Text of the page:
Canadian health officials say 1 million children may get the Canadian-made CJD vaccine

The plane carrying medicines and equipment that would begin inoculating more than 1 million children in California with the air-born virus that’s causing some premature infants to become very sick touched down in Canada…

Canadian health officials say 1 million children may get the Canadian-made CJD vaccine

The plane carrying medicines and equipment that would begin inoculating more than 1 million children in California with the air-born virus that’s causing some premature infants to become very sick touched down in Canada on Monday, according to the Ministry of Health in Ontario.

The vaccine, or PARV for short, is aimed at stopping the most severe cases of breathing problems and extremely premature births due to the CJD variant, known as Creutzfeldt-Jakob disease, that affects the brain. If administered at birth, the viruses help prevent brain damage and death, but have a lower amount of proteins that help them grow.

The medicines, as well as equipment, arrived Monday morning in Hamilton, Ontario, before continuing to Canada’s highest-risk areas.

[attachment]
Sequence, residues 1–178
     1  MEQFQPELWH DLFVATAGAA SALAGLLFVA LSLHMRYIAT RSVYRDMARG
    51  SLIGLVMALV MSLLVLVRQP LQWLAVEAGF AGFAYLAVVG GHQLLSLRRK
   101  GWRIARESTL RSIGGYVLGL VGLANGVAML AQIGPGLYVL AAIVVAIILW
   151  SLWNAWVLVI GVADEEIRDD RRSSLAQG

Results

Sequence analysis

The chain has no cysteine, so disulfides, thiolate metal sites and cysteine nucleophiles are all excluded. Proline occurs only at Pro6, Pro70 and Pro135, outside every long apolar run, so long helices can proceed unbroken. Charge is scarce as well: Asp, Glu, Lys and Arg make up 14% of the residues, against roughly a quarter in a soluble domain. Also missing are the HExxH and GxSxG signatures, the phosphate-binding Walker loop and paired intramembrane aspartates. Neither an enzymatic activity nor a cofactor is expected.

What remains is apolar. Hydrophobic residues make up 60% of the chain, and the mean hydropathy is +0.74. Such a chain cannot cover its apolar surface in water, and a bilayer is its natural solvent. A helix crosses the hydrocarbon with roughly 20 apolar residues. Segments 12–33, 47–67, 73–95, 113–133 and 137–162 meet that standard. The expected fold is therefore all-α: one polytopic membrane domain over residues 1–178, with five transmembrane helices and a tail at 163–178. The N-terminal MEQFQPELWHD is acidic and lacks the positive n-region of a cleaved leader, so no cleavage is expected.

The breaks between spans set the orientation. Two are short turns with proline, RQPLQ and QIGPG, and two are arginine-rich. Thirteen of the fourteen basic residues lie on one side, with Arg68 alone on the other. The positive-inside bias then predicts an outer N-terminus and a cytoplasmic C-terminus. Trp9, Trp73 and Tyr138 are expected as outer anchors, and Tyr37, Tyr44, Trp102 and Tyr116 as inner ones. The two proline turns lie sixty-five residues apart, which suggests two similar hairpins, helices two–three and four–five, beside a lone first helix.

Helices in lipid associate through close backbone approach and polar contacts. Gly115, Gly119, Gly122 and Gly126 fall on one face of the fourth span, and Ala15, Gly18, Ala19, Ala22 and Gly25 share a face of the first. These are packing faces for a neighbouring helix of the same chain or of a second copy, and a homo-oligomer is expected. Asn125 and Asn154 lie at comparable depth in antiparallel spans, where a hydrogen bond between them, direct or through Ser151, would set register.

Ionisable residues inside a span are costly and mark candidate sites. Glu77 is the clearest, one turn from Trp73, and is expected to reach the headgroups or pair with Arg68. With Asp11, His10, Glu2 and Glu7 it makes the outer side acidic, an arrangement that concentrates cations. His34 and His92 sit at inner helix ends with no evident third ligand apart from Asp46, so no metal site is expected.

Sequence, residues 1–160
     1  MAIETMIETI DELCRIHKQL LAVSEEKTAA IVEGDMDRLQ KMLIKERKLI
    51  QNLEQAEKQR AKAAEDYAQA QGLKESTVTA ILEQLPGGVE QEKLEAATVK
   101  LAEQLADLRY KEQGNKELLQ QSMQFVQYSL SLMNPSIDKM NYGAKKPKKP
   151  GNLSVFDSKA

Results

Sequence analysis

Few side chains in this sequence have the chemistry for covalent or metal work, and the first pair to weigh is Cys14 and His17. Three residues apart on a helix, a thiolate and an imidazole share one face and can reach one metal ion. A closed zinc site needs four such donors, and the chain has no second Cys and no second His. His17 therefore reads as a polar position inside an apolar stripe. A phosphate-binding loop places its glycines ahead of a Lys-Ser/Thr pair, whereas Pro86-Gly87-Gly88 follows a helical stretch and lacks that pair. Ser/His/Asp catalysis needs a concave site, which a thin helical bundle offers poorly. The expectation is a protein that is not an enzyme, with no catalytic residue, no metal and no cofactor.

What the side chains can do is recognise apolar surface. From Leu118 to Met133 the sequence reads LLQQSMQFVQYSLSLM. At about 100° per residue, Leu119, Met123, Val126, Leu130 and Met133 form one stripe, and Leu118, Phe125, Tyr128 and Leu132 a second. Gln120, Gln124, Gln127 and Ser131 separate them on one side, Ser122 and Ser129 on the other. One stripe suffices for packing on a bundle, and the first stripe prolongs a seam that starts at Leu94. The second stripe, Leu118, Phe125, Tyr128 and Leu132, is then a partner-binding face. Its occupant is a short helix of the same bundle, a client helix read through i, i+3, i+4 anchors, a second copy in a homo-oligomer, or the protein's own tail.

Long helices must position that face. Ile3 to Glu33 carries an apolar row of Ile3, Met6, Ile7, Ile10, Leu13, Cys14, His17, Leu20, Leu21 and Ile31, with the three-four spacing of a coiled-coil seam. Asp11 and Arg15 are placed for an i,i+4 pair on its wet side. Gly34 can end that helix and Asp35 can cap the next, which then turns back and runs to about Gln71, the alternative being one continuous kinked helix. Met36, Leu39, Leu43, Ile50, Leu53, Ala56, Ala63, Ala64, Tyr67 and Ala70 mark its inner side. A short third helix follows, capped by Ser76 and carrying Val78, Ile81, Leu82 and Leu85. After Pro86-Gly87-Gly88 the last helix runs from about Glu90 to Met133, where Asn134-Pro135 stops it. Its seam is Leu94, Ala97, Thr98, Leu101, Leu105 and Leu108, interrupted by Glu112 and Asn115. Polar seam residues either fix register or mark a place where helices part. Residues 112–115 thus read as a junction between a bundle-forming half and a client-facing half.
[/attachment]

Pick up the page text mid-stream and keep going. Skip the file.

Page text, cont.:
“The full deployment plan is a coordinated effort involving provincial and territorial ministries of health, vaccine manufacturers, health care workers, First Nations organizations, nurse educators, aboriginal organizations, child-care organizations, and other organizations and individuals that work with the children at risk of the disease,” a statement from the Ministry of Health said.

The CA$4.3 million shipment brings the total to more than 50,000 doses that have been flown out of the country, the Canadian Press reported.

“It brings much-needed comfort to parents, grandparents and others affected by this terrifying disease,” said Ontario Health Minister Eric Hoskins.

The vaccination is available for all babies born in Ontario after Aug. 1, 2015, and is expected to start immediately. The province will begin screening new babies before deliveries in newborn units.

A human immunodeficiency virus vaccine has been administered to more than 100,000 children in Ontario. But CJD caused by mutated versions of the HIV virus has decreased significantly in a number of European countries and parts of Asia in recent years.

The condition can afflict children and young adults as young as 16, which means the Canadian health department is trying to prevent it from spreading to all future generations, the ministry said.

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